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Cox medalion .049 problems

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Old 06-28-2015, 03:46 PM
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jayd3
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Default Cox medalion .049 problems

I bought this engine new in the mid 1990's . It never wanted to start,and got used only a few times I abandon it for 20 + years then got it out the other day and put a TD high compression head on it to see if that would help, well I did get it started but then I could not get it restarted. I hear the glow plug sizzling and it will hit and run on a prime sometimes but can't get it running again even leaving the piston down so plug can burn clean etc. I'm just done with this what maybe a lemon ? same becuse when it ran last it ran really nice on a Grish tornado 6 x 3 but f I can't start it no fun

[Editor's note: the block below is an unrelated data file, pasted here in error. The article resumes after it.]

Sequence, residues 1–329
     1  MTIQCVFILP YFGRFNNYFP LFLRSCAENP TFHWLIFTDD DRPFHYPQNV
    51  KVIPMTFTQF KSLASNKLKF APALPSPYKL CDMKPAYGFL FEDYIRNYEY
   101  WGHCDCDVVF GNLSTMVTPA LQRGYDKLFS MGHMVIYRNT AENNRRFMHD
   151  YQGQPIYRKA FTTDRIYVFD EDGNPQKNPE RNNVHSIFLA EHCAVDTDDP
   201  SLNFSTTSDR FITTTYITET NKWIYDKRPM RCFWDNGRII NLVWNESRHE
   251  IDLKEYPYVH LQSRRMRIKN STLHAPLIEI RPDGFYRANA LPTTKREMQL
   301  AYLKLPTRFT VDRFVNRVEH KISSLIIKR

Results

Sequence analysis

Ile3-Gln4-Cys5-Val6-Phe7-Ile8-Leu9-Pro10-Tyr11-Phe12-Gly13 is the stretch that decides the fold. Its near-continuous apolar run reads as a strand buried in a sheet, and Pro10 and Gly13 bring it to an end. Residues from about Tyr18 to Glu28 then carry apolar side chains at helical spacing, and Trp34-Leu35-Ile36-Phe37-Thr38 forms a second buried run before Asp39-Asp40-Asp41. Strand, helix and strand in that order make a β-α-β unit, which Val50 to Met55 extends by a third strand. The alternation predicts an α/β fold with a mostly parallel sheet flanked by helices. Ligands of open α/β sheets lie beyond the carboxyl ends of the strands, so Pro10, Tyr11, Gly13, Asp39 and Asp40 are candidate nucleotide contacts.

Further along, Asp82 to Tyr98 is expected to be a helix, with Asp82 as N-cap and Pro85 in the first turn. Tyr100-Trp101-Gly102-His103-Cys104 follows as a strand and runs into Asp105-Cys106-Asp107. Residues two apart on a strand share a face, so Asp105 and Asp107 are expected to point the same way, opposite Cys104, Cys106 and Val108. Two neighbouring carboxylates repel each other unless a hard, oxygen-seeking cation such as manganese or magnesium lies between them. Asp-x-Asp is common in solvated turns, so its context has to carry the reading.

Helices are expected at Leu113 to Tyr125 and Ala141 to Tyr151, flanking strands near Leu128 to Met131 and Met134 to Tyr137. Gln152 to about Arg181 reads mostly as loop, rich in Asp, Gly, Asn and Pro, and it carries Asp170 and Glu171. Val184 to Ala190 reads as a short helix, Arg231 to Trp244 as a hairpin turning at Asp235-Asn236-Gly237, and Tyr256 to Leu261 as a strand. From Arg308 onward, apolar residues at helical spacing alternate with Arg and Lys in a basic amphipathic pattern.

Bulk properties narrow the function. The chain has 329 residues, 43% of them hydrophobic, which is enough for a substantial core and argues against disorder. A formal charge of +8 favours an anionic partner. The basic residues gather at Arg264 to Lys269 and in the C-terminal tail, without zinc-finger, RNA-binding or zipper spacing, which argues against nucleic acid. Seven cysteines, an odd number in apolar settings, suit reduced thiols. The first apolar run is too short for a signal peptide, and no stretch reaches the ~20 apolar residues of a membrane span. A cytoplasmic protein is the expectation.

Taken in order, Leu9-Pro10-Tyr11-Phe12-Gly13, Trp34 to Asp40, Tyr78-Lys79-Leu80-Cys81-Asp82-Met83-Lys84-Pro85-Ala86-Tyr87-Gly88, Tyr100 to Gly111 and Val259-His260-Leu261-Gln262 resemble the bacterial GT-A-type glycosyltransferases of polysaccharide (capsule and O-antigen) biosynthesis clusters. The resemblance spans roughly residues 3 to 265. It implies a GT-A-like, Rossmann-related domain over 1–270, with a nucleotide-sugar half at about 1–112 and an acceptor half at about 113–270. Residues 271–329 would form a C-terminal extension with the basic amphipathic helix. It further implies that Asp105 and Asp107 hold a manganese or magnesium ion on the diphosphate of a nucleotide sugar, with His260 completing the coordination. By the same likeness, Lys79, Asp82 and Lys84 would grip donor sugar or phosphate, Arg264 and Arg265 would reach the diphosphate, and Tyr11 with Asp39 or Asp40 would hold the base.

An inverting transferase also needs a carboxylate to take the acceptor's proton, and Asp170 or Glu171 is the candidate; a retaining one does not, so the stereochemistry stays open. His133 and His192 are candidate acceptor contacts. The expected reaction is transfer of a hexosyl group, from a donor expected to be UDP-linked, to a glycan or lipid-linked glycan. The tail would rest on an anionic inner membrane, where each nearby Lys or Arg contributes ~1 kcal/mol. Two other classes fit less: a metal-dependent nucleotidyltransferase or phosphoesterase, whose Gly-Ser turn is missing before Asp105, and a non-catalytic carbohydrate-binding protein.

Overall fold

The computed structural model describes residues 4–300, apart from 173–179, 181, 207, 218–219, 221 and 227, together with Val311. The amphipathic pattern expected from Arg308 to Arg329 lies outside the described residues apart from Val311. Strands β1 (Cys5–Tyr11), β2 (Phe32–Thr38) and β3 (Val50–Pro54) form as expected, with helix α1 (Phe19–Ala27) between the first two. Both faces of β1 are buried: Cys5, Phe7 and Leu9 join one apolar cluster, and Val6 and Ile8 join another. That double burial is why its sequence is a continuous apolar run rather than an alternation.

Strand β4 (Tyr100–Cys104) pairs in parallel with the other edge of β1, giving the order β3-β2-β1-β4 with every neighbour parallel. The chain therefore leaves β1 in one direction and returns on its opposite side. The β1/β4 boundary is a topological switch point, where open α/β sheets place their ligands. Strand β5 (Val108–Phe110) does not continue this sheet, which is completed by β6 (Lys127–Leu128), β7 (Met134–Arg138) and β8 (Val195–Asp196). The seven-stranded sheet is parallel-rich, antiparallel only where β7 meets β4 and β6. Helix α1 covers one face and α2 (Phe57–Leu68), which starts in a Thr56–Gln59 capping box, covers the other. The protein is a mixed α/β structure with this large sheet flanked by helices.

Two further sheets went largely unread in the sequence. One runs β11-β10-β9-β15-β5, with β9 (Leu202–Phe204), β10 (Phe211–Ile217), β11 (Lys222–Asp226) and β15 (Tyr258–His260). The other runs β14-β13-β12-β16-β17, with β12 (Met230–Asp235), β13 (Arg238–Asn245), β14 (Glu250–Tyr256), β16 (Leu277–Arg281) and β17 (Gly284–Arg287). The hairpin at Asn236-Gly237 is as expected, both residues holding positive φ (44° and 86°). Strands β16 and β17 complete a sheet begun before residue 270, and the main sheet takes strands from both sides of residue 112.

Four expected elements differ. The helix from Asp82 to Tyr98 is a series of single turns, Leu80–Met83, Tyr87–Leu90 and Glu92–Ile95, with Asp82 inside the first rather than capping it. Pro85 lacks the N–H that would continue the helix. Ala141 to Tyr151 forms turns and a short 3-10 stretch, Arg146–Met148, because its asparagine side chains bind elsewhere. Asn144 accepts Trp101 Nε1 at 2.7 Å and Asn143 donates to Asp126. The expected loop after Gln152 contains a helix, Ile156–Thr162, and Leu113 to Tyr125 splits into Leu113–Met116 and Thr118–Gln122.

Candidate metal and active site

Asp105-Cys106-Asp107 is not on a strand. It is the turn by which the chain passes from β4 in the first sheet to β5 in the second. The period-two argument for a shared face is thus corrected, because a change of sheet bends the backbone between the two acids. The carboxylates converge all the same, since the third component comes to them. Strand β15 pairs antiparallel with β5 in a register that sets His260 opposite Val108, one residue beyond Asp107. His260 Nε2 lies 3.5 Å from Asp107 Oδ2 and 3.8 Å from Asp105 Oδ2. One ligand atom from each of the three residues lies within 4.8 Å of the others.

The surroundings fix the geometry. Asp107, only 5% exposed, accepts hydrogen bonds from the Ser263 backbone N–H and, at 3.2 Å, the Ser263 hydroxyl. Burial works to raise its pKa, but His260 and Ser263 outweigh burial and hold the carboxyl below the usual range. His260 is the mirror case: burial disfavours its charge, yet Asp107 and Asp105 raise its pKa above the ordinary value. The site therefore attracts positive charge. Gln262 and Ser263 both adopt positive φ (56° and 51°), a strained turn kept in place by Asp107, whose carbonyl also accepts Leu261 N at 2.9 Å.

I'm ready to sell it on Ebay unless some one has a cure.

Thanks
jay
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Old 06-28-2015, 06:17 PM
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Sure buy one of those cheap 12v 1/2A starters Sullivan, Their Hornet starter works great and will start up even a stubborn Cub engine.
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Old 06-29-2015, 06:34 AM
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Sounds like a fuel delivery problem. Assuming you have good compression, proceed as follows.